Original Letter

            France. 23rd April.

My Own:-

I got two letters tonight and I am kicking over the traces with glee. They were both perfectly bright good letters – as all your letters are. I’ve been laughing away to myself over the thought of your tucking yourself in a parcel and coming up to me via post. My Dear, before you do it consider for instance the fact that our mail comes part way by mule and partly by tump-liner. You know how much profanity a mule provokes from the person detailed to direct their destinies? Well a mule skinner compared to a tump liner knows nothing of profanity, has not the vaguest conception of the first rudiments of blasphemy. So if you persist in your mad idea, Dear, and snap your fingers at the law that decrees that only five kilos may be carried in a parcel, and shut your eyes to the dangers which beset us here such as an attack from an infuriated high behind or finding a rat in bed along side one, you must at least put wax in your ears so that you may not be contaminated by the constant stream of profanity which accompanies our mail from the Transport Lines to B.H.Q. And there is one ph[r]ase too that worries me and perhaps I had better tell you – no, I shan’t – its too awful and I’d only get my mouth washed out with ashes.

Isn’t it great that Dian believes in the high behind. I never did expect to find anyone to believe my stories. If you will promise to truly believe them I will tell you some if you are good. And they will be perfectly respectable stories too. A young man of Fashion, indeed! Tut! tut! nice talk and quite wrong too, for I think that they have rationed it. I’ll say so. Ferris, I swear I don’t know what you mean. Liar! I know perfectly well. Maidie, I adore you and thats all there is to it. I harbour a great big surging wave of love for you to-day that would surely engulf you if you were here. You couldn’t cope with me at all. It is the kind of love that made me want to take me want to [sic] take you on my knee at the baseball game in Toronto (for instance) and kiss you that time in the station when neither of us was going away. Unconscious, you know, and just impelled by some huge force inside me that made the conscious part of me forget everything – time place, everything but that I was with the girl I loved. And that’s the way it is with me all the time, Sweetheart. So far as this war is concerned I may be swayed by patriotism or curiosity. I don’t know which. The only thing I am sure of is that I love Gods own girl the sweetest and best of women, my own Maidie.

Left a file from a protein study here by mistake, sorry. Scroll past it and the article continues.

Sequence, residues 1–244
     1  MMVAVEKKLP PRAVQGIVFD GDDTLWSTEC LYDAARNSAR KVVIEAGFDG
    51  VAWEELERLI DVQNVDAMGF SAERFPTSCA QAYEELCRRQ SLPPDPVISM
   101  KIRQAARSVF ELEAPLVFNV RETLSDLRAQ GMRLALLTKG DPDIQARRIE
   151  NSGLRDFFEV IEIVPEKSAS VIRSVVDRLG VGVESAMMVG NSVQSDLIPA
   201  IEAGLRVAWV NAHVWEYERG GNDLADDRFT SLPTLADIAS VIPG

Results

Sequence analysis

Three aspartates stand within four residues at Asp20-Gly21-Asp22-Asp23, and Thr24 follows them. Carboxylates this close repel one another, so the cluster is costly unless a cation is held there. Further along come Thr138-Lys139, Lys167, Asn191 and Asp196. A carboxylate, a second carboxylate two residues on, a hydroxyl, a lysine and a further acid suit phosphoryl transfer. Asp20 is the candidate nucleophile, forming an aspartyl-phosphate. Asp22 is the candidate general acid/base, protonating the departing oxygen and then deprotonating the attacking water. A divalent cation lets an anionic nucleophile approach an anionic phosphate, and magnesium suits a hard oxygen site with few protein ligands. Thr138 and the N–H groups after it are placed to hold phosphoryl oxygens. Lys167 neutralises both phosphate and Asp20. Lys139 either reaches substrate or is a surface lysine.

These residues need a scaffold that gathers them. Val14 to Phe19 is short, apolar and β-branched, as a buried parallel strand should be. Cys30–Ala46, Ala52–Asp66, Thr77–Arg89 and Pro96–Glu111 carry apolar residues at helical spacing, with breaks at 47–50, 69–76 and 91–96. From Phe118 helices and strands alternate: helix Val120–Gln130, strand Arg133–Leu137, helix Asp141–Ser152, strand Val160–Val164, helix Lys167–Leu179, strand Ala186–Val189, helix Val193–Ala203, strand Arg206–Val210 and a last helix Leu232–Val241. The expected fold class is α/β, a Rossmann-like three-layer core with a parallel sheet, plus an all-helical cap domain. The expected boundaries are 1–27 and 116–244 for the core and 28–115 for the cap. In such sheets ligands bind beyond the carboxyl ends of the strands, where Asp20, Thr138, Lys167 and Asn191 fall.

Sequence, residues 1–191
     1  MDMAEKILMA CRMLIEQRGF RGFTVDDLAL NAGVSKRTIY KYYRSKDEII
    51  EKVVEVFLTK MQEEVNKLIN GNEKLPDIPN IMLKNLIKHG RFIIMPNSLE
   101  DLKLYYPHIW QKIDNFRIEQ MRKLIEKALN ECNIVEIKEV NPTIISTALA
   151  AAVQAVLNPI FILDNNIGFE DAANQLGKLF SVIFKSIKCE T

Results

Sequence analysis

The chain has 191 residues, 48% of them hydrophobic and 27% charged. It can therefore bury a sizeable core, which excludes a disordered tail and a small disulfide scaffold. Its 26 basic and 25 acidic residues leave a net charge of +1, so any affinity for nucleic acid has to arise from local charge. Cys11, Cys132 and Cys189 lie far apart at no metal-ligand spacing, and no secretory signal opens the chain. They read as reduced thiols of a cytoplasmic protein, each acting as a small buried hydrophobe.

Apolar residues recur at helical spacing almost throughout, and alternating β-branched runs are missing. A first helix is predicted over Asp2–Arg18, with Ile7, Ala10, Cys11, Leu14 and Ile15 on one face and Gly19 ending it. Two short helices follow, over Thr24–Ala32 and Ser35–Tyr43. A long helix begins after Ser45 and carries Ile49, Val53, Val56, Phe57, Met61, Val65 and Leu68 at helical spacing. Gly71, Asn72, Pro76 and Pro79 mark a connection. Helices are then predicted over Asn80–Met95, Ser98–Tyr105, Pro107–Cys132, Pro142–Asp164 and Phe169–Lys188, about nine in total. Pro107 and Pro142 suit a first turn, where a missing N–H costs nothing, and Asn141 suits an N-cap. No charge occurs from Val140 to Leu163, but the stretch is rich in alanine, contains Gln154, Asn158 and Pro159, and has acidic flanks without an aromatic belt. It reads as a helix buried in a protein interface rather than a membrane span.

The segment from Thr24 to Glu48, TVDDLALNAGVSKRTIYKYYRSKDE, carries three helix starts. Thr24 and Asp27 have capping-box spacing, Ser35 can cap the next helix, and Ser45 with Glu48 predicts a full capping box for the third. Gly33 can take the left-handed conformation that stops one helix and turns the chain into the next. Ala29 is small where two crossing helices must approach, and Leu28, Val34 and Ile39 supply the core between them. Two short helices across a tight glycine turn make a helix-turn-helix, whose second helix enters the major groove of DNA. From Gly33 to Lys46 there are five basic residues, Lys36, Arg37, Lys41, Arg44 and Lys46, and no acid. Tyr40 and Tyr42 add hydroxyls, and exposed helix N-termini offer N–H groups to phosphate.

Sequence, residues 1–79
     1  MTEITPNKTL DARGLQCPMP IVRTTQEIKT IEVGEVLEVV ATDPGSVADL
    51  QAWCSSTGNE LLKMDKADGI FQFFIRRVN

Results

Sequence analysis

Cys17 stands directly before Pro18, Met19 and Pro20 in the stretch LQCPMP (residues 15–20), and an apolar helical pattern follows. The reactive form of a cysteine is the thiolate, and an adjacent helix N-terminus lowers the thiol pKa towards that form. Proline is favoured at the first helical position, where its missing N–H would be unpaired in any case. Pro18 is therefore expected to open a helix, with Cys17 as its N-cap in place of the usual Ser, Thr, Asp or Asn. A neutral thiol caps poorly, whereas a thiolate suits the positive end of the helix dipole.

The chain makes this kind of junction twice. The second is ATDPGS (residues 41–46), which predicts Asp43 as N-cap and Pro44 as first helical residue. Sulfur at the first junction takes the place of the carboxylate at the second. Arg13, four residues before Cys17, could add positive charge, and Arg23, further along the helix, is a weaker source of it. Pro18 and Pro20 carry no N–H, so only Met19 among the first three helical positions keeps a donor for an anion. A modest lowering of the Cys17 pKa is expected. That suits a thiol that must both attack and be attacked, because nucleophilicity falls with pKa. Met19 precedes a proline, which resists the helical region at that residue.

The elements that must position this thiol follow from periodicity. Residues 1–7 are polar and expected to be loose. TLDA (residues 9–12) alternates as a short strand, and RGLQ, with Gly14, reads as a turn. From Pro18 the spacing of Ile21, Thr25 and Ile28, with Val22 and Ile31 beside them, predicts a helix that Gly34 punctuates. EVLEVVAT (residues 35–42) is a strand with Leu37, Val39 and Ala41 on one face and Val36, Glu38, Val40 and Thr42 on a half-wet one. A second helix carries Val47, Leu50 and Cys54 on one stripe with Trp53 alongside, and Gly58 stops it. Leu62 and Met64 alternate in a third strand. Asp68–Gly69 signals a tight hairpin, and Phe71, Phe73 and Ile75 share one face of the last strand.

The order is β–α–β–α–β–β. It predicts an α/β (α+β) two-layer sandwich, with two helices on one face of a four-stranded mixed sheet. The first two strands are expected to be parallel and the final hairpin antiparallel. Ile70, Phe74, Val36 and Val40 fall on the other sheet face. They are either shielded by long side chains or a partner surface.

Ton mari

                        Ross